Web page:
Fourth, the problem of legal and practical support of the protection of rights and interests of all types of shareholders within the framework of the bankruptcy procedure still remains unresolved. In particular, the threat of enforced bankruptcy of many large corporations in arrears to the federal budget in 1998 became one of the factors of the rapid withdrawal of portfolio investors from the market of corporate securities.
Thus today it’s hardly possible to regard the institution of bankruptcy in Russia as a stable and efficient external mechanism to alleviate the management and finances of a company. The increase of the number of applications which was mentioned above so far, apparently, doesn’t indicate the enthusiastic response of creditors to the new legal perspectives opened to them but simply a trial run of the new methods of privatization of property, protection of managers against the hostile takeovers or, on the contrary, takeover of the objects (assets) of interest. It’s not accidental that this process coincided with the general stepping up of the ownership redistribution under the conditions of 1998 crisis.
3.5. Market of corporate control (takeovers)
The “market of corporate control” (threat of the hostile takeover and change of managers) as well as the threat of bankruptcy is considered to be one of the key external mechanisms of corporate governance. Many researchers believe that the takeover market is the only means of protecting the shareholders from the arbitrary actions of managers. It’s pointed out that this method is the most efficient when it’s necessary to “break” the opposition of the conservative board of directors not interested in rationalization (splitting up) or the company, especially, if it’s a highly diversified company (Coffee, 1988). In the numerous theoretical writings on the subject there is also an in-depth analysis of the interrelationship between takeovers accompanied by the “private” (special) benefit of large shareholders and improvement of the economic efficiency after control’s transition to a new owner.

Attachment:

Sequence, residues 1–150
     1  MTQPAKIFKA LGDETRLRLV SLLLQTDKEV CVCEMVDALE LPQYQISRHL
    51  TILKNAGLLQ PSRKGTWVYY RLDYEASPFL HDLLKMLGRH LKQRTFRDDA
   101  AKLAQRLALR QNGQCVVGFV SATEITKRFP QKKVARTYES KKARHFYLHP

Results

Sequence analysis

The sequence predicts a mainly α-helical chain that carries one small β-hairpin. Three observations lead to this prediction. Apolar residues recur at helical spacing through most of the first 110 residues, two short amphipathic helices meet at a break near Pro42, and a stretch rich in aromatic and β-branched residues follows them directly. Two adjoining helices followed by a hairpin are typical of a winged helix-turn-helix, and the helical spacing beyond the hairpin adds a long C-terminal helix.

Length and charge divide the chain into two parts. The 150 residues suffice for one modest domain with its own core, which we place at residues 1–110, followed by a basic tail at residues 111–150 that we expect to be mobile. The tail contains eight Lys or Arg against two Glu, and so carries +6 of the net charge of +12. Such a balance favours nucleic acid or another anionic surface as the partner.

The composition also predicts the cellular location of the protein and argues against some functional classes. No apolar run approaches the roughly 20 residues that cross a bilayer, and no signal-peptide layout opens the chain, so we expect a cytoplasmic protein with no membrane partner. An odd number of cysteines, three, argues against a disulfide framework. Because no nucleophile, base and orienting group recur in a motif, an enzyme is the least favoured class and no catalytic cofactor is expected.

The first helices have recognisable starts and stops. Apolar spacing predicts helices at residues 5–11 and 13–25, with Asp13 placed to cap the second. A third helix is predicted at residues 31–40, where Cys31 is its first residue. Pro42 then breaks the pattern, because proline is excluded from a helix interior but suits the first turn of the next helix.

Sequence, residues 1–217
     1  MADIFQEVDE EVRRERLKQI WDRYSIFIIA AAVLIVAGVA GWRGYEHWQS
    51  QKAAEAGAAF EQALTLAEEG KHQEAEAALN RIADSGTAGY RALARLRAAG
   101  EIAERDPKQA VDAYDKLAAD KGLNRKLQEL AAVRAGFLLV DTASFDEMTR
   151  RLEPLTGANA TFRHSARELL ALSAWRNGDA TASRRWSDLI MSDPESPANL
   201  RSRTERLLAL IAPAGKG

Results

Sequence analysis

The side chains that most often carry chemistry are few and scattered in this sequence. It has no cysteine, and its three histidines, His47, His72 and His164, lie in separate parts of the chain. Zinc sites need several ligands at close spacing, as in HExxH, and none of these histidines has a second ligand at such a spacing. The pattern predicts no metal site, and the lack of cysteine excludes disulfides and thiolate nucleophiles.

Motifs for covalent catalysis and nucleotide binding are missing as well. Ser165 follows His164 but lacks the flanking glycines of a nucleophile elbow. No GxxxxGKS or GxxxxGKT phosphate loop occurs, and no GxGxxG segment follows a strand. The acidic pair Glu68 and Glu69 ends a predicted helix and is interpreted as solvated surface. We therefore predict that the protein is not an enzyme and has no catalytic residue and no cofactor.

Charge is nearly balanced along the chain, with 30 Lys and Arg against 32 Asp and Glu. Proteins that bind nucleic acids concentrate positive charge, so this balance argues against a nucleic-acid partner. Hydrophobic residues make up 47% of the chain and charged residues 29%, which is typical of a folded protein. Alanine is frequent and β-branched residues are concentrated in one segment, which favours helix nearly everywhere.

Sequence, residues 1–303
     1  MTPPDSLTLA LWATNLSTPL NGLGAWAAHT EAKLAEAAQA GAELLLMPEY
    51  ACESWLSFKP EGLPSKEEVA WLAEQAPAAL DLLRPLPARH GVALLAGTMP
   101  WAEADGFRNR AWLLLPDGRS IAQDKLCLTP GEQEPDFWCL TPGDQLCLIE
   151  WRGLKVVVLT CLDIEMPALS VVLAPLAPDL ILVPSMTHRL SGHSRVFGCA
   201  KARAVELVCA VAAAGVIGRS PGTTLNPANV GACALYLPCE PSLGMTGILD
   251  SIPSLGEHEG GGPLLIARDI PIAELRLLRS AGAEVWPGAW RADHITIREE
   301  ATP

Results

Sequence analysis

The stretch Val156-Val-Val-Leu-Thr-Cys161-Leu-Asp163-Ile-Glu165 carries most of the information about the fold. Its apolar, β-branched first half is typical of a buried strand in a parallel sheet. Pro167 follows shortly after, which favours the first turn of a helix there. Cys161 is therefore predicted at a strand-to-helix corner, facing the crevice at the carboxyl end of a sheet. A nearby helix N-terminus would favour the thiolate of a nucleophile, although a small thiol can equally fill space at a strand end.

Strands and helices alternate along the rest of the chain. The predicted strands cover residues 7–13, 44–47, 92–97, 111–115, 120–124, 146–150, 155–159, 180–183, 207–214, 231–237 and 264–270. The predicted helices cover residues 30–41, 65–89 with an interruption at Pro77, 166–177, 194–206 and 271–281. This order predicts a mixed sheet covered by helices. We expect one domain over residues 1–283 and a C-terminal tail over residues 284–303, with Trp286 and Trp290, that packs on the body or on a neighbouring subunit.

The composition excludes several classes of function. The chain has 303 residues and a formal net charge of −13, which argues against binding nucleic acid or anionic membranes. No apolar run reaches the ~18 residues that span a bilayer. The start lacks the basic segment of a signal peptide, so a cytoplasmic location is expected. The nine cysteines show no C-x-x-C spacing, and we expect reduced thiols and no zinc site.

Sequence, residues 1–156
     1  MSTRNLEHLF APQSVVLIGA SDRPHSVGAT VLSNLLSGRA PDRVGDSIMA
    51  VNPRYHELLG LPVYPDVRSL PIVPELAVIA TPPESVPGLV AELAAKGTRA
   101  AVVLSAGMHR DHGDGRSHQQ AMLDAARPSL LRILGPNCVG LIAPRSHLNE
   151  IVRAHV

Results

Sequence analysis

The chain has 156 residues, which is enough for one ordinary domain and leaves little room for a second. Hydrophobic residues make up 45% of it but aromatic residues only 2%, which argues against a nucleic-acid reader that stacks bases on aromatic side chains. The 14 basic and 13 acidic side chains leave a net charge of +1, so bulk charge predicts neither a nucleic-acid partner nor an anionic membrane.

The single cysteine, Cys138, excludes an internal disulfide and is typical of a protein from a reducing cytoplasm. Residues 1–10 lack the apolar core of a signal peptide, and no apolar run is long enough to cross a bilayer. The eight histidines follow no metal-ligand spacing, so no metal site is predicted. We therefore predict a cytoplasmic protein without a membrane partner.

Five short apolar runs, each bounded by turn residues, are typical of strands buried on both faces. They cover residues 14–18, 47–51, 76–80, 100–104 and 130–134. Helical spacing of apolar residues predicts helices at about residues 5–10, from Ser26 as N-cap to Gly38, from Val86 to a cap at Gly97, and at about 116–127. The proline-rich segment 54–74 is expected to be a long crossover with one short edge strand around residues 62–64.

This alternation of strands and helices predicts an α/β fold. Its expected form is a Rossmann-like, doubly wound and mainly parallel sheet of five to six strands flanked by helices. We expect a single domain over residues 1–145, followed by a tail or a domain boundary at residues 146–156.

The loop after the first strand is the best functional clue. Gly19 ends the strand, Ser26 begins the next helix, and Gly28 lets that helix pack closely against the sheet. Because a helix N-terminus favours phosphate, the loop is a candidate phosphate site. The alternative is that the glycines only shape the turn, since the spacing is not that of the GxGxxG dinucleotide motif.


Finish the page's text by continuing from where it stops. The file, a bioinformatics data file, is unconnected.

Материалы этого сайта размещены для ознакомления, все права принадлежат их авторам.
Если Вы не согласны с тем, что Ваш материал размещён на этом сайте, пожалуйста, напишите нам, мы в течении 1-2 рабочих дней удалим его.